When we first heard news reports of a virus sweeping the globe back in early 2020, I don’t think any of us appreciated the devastating effect that it would have on this country.
Whilst we know that a number of businesses have suffered and the country has seen mass redundancies and unemployment arising from the pandemic, it’s important that employers are also mindful of the impact that the pandemic will have had on those staff who have remained employed throughout. April is stress awareness month so there’s no better time to reflect on how your staff have been affected and consider if there’s anything you can do as employers to support them.
Whilst every individual’s experience of lockdown and COVID-19 will have been slightly different, and some will have coped better than others, there’s no doubt that everyone has faced their challenges in one way or another and experienced difficulties and/or concerns, which might include:
i. Fear of themselves and their families contracting COVID-19 and/or concern for their/others health where the virus has been contracted;
ii. The difficulties and stress of doing simple things that we’ve previously taken for granted, such as being able to source food and other essentials;
iii. Difficulties in accessing treatment and services;
iv. Feeling isolated and disengaged from society, and not being able to see friends and family and work colleagues;
v. Working from home, perhaps for the first time, and/or having to work in a very different environment due to COVID-19 restrictions;
vi. Having to take on additional work because colleagues have been furloughed or made redundant;
viii. Reductions in individual and/or family income;
ix. Grief for the death of friends and family due to COVID-19 or for other reasons, and being unable to say goodbye properly (or at all) to those sadly lost;
x. Fear of redundancy/unemployment;
xi. Alcoholism and substance misuse;
xii. Uncertainty over the future.
COVID-19 has undoubtedly adversely impacted the state of the country’s mental health and stress levels. It’s perhaps not surprising that the Mental Health Foundation has reported that 74% of UK adults have felt stressed at some point over the last year.
Increasingly very worrying reports are emerging of a surge in patients presenting with psychological trauma and post-traumatic stress disorder (PTSD), not just COVID-19 survivors and those on the frontline, but also others whose mental health has been severely affected by COVID-19 and, for whatever reason, have not received adequate and timely treatment/support.
Why is this important for you as an employer?
All employers have a duty to ensure, so far as is reasonably practicable, the health, safety and welfare at work of all of their employees, and can face both civil and criminal liabilities if this duty is not complied with. It’s important to be mindful that even where external factors may have initially caused or contributed to a person’s stress, the situation can be exacerbated by workplace factors.
Poor mental health is reported to cost the UK up to £99 billion annually and £42 billion of that is a direct cost to employers.
Where stress, psychological trauma and mental health issues are present, inevitably this results in staff absence, but that is not the only cost to employers. Staff suffering from stress, mental health issues and/or trauma/PTSD can struggle with concentration, have difficulty in retaining information, and may make mistakes; productivity may be reduced; they may struggle to maintain good working relationships with colleagues and may also have difficulties in their interactions with customers/clients, and may also behave erratically if a situation triggers the memory of a traumatic event. The side effects of alcohol and substance misuse can also seep their way into the workplace.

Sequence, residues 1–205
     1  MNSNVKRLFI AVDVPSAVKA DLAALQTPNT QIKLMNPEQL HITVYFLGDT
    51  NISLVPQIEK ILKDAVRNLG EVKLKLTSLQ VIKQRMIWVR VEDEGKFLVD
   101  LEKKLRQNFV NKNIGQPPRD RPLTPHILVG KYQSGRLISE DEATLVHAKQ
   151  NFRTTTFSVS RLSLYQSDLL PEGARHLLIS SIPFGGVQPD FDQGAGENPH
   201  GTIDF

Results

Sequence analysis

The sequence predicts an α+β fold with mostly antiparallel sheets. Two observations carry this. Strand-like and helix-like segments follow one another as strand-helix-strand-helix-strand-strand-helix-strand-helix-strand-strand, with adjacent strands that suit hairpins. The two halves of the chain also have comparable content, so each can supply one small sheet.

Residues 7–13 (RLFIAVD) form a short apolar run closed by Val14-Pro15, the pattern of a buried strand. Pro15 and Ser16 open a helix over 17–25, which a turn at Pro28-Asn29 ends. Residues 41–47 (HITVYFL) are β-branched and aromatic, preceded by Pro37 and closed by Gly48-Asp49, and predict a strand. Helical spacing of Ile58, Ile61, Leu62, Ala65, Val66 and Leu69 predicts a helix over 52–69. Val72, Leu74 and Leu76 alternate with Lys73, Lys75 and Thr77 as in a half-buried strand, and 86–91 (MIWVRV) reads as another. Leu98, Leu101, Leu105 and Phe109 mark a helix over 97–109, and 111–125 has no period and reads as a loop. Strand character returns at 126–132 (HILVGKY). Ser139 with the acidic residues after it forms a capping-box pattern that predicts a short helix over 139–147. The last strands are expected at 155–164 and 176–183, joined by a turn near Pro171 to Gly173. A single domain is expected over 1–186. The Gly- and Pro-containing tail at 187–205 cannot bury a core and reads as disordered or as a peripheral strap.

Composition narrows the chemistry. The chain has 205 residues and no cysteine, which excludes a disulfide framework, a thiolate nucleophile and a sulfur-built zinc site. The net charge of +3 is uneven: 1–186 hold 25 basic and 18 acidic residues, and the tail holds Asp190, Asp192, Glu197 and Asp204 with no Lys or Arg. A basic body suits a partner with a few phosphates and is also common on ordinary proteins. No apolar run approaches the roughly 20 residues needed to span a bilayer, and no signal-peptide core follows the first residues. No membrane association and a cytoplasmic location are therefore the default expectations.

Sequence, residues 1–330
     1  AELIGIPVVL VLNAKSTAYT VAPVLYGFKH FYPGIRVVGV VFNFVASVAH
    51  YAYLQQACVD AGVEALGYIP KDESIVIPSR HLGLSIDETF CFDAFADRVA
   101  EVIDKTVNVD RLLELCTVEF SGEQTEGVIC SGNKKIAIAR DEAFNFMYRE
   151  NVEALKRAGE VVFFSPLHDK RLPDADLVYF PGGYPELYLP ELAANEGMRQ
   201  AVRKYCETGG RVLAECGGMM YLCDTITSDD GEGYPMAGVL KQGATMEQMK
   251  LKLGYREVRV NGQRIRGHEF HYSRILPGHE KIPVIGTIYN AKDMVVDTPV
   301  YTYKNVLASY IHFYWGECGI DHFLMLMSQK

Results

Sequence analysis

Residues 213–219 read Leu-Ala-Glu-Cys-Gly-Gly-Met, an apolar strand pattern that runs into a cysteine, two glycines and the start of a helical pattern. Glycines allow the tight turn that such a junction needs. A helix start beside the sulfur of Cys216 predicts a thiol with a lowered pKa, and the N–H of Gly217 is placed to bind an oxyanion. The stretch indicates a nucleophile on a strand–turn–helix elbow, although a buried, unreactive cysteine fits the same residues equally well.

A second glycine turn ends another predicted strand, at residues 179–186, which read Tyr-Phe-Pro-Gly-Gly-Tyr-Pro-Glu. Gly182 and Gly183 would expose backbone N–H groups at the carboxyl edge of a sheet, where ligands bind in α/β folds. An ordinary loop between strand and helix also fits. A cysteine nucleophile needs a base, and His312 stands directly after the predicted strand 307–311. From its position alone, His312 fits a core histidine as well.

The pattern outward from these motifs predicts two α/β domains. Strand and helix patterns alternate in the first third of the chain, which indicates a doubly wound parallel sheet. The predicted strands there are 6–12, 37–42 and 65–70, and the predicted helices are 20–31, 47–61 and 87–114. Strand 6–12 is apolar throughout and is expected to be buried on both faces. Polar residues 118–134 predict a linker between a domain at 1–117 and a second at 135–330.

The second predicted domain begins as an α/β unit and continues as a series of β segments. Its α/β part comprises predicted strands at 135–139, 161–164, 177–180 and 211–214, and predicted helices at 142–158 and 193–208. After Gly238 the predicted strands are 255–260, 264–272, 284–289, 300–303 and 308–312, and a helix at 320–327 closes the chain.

Whilst stress is not an illness in itself it can be a trigger for a number of physical and mental health conditions. PTSD for example can manifest itself some significant time after the traumatic event(s) that has triggered it, and early intervention and support for employees that may be struggling may just avoid it manifesting at all.
Where mental or physical health issues do arise, they can amount to a disability under the Equality Act 2010. This is where a person has a physical or mental impairment, which has a substantial and long-term adverse effect on their ability to carry out normal day to day activities.
Employers need to bear in mind that disabled employees have protection under the Act from discrimination which can take a number of different forms. Not only can employers, that take appropriate steps to manage stress and staff wellbeing, potentially avoid an employee developing a protected condition, but where such impairments do arise, this can help them to meet their legal obligations.
In particular, employers must make reasonable adjustments where aspects of the working environment, terms and conditions of employment, or working practices place disabled employees at a substantial disadvantage.
What can you do?
- Raise awareness and understanding about mental health, and provide training to staff and managers.
- Ensure that risk assessments are carried out to identify the causes of mental ill-health in the workplace and what steps can be taken to mitigate those risks.
- Understand the stigma that can be associated with mental ill-health and encourage staff to be open about mental health issues.
- Signpost employees to appropriate sources of support, whether internally or externally or both.
If you would like any further information on your obligations as an employer in relation to staff wellbeing, and/or under the Equality Act 2010, or you would like details of the training that Gotelee can provide, please contact Marie Allen, Head of Employment, at email@example.com.